Labour and the Conservatives offer two different routes to a ‘living’ wage

One’s based on average earnings growth, the other on living standards. Nick Ansell/PA Wire/PA Images

A competition among political parties to promise a more attractive minimum or “living” wage is new to British elections. The National Minimum Wage (NMW) is now nearly 20 years old, but Labour in power was always cautious about its level. The Conservatives, meanwhile, initially opposed it.

But a burgeoning living wage movement and a perceived “living standards crisis” help explain a new bidding war. In the 2015 election, Labour promised to raise the NMW to £8 an hour by 2020; trumped by the Conservatives’ £9 in the subsequent budget, and now Labour’s £10 manifesto pledge.

Since the minimum wage was £6.50 just two years ago, all these promises, if followed through, will have a substantial impact in changing Britain’s low pay culture. But what is the difference between the two main party promises now on offer? And as policies, are they sustainable or reckless?

The most obvious difference in the manifesto pledges is that Labour promises £10 by 2020 (a 33% increase from 2017) and the Conservatives promise 60% of median pay which is projected to be £8.75 by 2020. This is a 17% increase, and less than the £9 pledged in 2015, because median pay is forecast to grow more slowly than previously expected.

But two crucial factors beyond the crude rate promised will influence how the “living wage” debate plays out in the next few years: the basis for setting and raising it, and the ages of workers to whom it applies.

How it’s set

In setting the rate, the Conservatives have opted to peg the National Living Wage (NLW – a rebranded NMW for over-25s) to average pay. On the one hand, this belies its branding as a “living” wage. Unlike the voluntary, accredited Living Wage which is derived from our research at Loughborough University and based on what people actually need for a minimum living standard, the Conservatives’ NLW has no reference to living costs.

But the commitment to raise the minimum from 52% to 60% of median pay – and to keep it there – does mark a bold departure in sharing the fruits of future growth. Indeed, pegging incomes (such as pensions or benefits) to rising earnings has often been a more favourable formula than pegging them to living costs, since earnings rose steadily in real terms.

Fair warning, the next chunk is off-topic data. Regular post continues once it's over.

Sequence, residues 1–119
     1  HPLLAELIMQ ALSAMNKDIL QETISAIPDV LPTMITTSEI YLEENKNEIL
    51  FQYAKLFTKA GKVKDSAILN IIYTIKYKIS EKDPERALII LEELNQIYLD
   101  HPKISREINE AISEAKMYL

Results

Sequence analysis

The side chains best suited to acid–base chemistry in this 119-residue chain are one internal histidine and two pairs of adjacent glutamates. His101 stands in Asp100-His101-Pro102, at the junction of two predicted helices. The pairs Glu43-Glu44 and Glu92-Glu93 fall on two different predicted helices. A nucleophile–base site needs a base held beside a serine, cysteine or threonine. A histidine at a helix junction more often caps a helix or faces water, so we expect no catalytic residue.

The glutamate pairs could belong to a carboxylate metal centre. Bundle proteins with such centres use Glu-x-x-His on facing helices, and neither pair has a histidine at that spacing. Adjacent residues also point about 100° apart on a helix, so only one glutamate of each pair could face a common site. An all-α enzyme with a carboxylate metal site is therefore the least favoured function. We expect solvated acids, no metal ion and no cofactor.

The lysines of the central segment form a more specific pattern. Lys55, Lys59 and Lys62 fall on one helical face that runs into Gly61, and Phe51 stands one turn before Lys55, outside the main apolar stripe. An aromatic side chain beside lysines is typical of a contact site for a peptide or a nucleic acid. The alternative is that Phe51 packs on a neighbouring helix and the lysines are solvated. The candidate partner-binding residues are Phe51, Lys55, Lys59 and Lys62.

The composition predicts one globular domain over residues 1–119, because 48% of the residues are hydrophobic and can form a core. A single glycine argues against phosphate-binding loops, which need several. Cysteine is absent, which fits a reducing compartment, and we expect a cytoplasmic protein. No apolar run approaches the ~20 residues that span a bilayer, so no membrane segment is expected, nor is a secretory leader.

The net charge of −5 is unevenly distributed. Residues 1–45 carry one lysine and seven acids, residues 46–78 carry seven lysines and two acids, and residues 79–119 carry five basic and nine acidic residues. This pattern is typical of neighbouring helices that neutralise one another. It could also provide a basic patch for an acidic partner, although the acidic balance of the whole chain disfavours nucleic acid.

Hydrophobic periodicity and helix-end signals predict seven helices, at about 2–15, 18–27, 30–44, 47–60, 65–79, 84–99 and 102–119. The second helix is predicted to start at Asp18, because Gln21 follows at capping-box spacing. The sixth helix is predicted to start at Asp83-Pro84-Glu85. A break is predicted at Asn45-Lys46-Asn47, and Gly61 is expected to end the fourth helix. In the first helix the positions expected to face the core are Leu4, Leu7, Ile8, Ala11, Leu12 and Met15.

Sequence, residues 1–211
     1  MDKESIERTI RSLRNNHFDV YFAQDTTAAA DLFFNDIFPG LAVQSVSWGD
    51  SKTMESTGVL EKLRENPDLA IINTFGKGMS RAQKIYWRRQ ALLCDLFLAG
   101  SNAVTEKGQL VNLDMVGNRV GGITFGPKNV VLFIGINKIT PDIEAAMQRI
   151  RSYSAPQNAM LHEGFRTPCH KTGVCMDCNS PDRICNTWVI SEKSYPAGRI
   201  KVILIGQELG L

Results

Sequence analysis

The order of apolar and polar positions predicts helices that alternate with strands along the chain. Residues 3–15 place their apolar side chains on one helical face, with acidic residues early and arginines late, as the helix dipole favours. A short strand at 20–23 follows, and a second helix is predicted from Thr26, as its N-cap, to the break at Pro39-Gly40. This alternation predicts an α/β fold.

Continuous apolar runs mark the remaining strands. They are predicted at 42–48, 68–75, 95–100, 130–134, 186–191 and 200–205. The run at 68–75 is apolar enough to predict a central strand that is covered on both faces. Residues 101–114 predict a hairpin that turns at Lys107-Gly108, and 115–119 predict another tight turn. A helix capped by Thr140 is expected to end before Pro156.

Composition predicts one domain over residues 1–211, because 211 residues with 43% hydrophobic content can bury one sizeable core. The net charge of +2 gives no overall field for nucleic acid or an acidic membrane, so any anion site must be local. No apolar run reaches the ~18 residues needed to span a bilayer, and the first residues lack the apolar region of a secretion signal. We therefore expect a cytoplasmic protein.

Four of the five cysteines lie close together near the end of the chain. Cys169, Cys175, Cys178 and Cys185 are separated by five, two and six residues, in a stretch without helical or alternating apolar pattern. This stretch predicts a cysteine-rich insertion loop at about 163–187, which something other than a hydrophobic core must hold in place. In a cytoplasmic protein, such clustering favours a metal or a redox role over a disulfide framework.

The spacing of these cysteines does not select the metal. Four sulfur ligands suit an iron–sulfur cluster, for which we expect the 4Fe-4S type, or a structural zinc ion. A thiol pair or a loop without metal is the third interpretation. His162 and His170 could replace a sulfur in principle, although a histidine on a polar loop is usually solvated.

However, times have changed. In the past few years, living costs have sometimes risen faster than earnings, making an earnings link less beneficial than it once was. Moreover, the “real” living wage espoused by Labour can also rise if the government cuts the help it gives working families, for example through tax credits. This is what George Osborne did when announcing the Conservative Party’s NLW in its 2015 budget, which would have caused families a net loss. So a real living wage requires employers to make good on any cuts in state support.

The US$15 per hour wage campaign has gathered steam in the US. EPA/Erik S Lesser

But what will be the effect of much higher minimum wages on employment? In my new book with Laura Valadez on the living wage, I show that evidence from the UK and US overwhelmingly contradicts the economic prediction that higher minimum wages automatically mean fewer jobs. Yet we also point out that both countries have been highly cautious in setting the minimum wage, and are about to become much less so – New York and California are planning phased increases to US$15, over twice the federal minimum. In the UK, a statutory minimum of £9 or £10 will have a vastly different impact on labour markets from the voluntary adoption of a real living wage by the 3,000 employers who have so far felt able to do so.

Whether it’s tied to age

The most radical aspect of the Labour version, and potentially the most risky in terms of employment, is that it would apply from age 18, unlike the Conservatives’ from age 25. Someone who is 20, who in 2017 can be paid £5.60 per hour, would be guaranteed £10 three years later – if they were still being offered jobs.

Our book shows how in Portugal, ending minimum wage youth rates was followed by a substantial “displacement” effect, with fewer jobs going to less experienced workers. This effect is also predicted in the UK. On the other hand, under Conservative plans, a growing gap between the minimum for 24- and 25-year-olds could damage job prospects for the latter, as employers in casual industries such as restaurants and hospitality dump low-paid workers on their 25th birthdays. (Early evidence shows some employers already favouring younger workers.)

In adopting greater ambitions for tackling low pay in Britain, therefore, politicians should not throw all their former caution to the winds, but look carefully at how their policies are affecting the labour market as they unfold.

Producing a formula that can contribute to higher living standards without destroying people’s job prospects requires a delicate balance. After the election, the simplicity of the manifesto promise will have to be followed by careful, evidence-based delivery if a living wage is to be sustainable.

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